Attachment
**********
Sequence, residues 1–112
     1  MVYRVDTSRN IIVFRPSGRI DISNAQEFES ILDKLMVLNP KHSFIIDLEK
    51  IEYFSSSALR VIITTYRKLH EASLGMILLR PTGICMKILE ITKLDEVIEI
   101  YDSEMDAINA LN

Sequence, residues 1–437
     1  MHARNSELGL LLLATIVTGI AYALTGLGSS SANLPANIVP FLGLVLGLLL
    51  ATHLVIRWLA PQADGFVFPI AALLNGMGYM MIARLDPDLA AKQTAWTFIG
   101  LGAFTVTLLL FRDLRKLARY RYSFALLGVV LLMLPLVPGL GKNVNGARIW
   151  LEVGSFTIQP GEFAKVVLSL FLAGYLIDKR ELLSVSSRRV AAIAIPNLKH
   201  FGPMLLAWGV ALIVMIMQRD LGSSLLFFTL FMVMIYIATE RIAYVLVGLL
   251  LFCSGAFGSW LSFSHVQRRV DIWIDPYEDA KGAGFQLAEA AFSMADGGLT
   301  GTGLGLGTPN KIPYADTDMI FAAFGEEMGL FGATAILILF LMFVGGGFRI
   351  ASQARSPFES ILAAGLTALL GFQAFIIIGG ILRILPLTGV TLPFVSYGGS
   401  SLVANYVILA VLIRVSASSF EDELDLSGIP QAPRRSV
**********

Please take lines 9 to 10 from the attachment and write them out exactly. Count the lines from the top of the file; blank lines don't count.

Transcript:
   151  LEVGSFTIQP GEFAKVVLSL FLAGYLIDKR ELLSVSSRRV AAIAIPNLKH
   201  FGPMLLAWGV ALIVMIMQRD LGSSLLFFTL FMVMIYIATE RIAYVLVGLL